Healthcare runs underwater in Rio Grande do Sul

The director of the Municipal Health Foundation in São Leopoldo, one of the cities hardest hit by the floods, provides an account of the current situation from the perspective of healthcare workers

June 04, 2024 by Outra Saude
Source: Outra Saude

The Brazilian state of Rio Grande do Sul is still struggling with the devastating floods that struck in early May. Schools, businesses, and other services remain halted. The healthcare sector faces enormous challenges as its services must continue, even under such extreme conditions.

In this interview with Outra Saúde, Paula Suseli, director of the Municipal Health Foundation managing the Unified Health System (SUS) in São Leopoldo, discusses the health sector’s daily struggles, three weeks after the floods hit. By that point, the city, part of the Porto Alegre metropolitan area, had lost 11 health units, forcing primary care services to relocate to 115 shelters housing thousands of displaced people.

Although the main hospital was unaffected, a new healthcare strategy is urgently needed amid significant material challenges. Many health professionals are stranded, trying to salvage their own homes.

Suseli warns of an impending wave of mental health issues in the state, with collective trauma expected to have long-lasting effects. She emphasizes that no health issue will be resolved without strong public investment for material and psychological recovery.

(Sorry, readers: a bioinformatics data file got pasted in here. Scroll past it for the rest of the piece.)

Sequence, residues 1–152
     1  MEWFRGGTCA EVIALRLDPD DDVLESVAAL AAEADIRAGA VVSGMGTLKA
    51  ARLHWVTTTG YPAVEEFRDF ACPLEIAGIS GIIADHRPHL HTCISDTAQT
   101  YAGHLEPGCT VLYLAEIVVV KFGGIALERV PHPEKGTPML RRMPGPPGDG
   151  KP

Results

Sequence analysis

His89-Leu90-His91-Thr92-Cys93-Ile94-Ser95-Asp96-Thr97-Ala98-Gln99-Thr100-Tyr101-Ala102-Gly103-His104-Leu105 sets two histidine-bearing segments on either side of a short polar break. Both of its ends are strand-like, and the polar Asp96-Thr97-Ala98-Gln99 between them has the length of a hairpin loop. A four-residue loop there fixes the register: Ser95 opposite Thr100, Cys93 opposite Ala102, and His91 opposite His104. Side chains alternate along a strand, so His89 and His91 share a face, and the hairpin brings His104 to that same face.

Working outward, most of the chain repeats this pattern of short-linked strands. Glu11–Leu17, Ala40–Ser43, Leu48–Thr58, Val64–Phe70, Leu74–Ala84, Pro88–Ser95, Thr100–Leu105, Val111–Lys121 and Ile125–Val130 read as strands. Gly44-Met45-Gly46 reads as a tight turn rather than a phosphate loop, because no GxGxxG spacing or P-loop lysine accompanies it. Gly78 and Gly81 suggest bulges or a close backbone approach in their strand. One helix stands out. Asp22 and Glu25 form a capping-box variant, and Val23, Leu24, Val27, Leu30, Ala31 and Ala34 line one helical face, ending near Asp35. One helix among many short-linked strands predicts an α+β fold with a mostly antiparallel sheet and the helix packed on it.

Read more: Health in times of climate chaos: floods in Rio Grande do Sul

Outra Saúde: First of all, what impact has the climate tragedy had on the health structure in your city and state?

Paula Suseli: The impact was enormous. In many areas of Rio Grande do Sul, entire hospitals, health units, and pharmacies were evacuated due to flooding. While we don’t yet have comprehensive data on the public health impact, we know the disruption in access to healthcare services and medicines, exposure to contaminated water, and the psychological toll on those who lost homes, family members, or pets will lead to a rise in various diseases and illnesses.

OS: How are these health services working at the moment?

PS: In São Leopoldo, 11 health units remain closed due to the flooding, along with municipal and state pharmacies that lost medication and supplies. The Specialized Care Service (SAE) and the Capilé Health Center resumed activities on May 21 after 18 days of closure due to power outages and flooding. Many supplies and medications were lost, so we had to build the pharmacy from scratch, using donations.

In shelters with the largest populations (such as the events center with 1,000 people, Bigornão with 600, and Unisinos with 2,000), a health team (doctor, nurse, and nursing technician) works 12-hour shifts, including weekends and holidays. In some shelters, we don’t have a full team but have designated professionals mapping health needs and identifying vulnerable populations, such as children, the elderly, pregnant women, and people with comorbidities. Currently, we have health point people in 11 of the 115 shelters in São Leopoldo.